I never told my friends out of shame that two men had cowardly tricked me and I narrowly escaped ‘the shame chair’ in the house I shared with other Vietnamese refugee girls. To the girls in the house, they still believed that I harboured a secret of what happended that night.
Owl spoke highly of his friend – Bun – saying that he was a good man and he would like to introduce him to me. Owl took Bun to my house around noon one day and asked Sister Night for permission to take me out. Bun seemed to be a quiet man who always smiled, but his face gave me the impression that he was cheeky. In the car, I had a short conversation with Bun before we arrived at Owl’s house. Owl left me there with his two sisters – Loquat and Crabapple – while he and Bun went out, telling me that they’d be back shortly. When Owl was still not home at 10pm, I panicked, and realised that I had to spend the night at Owl’s house. I asked Crabapple to ring Sister Night and inform her. When I left the next morning, Owl still wasn’t home.
Thanks to the phone call made by Crabapple, Sister agreed that I passed the chaperone test to reenter the house. I was glad that I didn’t have to suffer like Blueberry. Blueberry told Sister she was going to visit her married brother. When Blueberry came home the next morning, Sister told her that she contacted her brother and was sure Blueberry wasn’t at his place. Blueberry had to confess that she went to see her boyfriend and missed the last tram to the train station so she spent the night at his flat. Sister had Blueberry tied to a chair in the kitchen for ‘hanky-panky’ and lying to her, and afterwards chuckled and said: “Now you cannot do anything but stay in this house.” Everyone who entered our house or stood at the entrance door at that time could see Blueberry as she wriggled in her chair. When the girls went past her in the kitchen, Blueberry awkwardly smirked to cover her shame. She stayed in that chair for hours.
Sister Night – on behalf of her order – stayed with us as a supervisor so she was free to treat us the way she liked and no one dared to go against her for fear of being kicked out. From forcing Turquoise and I to visit a psychiatrist to tying Blueberry to ‘the shame chair’; from removing Wood because she disliked Foxy – Sister’s ‘brown-nosed daughter’ – to keeping Summer-scent with her for six years; from allowing priests and brothers to freely come to our house to harshly restricting ordinary men.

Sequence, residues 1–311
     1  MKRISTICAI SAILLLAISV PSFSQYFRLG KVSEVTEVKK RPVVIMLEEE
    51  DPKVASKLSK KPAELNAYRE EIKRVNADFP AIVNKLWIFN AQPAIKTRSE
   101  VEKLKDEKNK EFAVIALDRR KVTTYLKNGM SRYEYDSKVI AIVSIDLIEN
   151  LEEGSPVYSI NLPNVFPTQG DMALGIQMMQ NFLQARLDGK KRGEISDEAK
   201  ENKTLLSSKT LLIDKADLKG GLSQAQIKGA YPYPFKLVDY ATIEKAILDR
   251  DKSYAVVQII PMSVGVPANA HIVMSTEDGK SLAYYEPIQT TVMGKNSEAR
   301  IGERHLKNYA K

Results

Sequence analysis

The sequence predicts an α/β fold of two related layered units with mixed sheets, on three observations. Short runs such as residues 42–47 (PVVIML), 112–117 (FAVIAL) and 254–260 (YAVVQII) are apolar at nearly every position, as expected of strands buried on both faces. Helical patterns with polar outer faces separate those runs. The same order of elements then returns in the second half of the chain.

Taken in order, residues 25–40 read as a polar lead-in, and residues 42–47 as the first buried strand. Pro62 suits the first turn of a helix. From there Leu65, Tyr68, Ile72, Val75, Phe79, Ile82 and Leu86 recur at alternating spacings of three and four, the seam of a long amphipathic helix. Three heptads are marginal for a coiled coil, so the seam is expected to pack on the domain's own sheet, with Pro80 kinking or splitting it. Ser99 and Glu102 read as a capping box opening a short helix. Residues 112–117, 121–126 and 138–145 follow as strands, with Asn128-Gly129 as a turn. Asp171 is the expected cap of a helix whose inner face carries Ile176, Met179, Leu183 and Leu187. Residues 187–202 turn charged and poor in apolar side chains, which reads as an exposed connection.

Owl and his sisters attended the same class with me at RMIT. When the girls in my house all went out at weekends or public holidays, I used to ask Owl’s sisters for me to stay with them because I feared being alone.
Owl eventually locked me out and told me he didn’t want me to come to his house anymore. He also revealed that he hatched a plan to trick me with Bun’s cooperation, and tried to make Sister believe that I spent the night with Bun. Owl’s plan was also to humiliate me by having his friend reject me shortly on a date. Owl didn’t explain why he hated me so much. I guessed it was because I laughed at the Playboy pictures stuck on the wall in his room. I rarely spoke to him when I stayed at his house, and would laugh when he complained that he helped me with my school assignments but his marks were always lower than mine.
It’s the shame chair,
In the house that is communal.
It’s the shame chair,
That imprints the mind with nightmare,
That reforms girl who ain’t moral,
That serves as a warning to all.
It’s the shame chair.
by Benny Lin.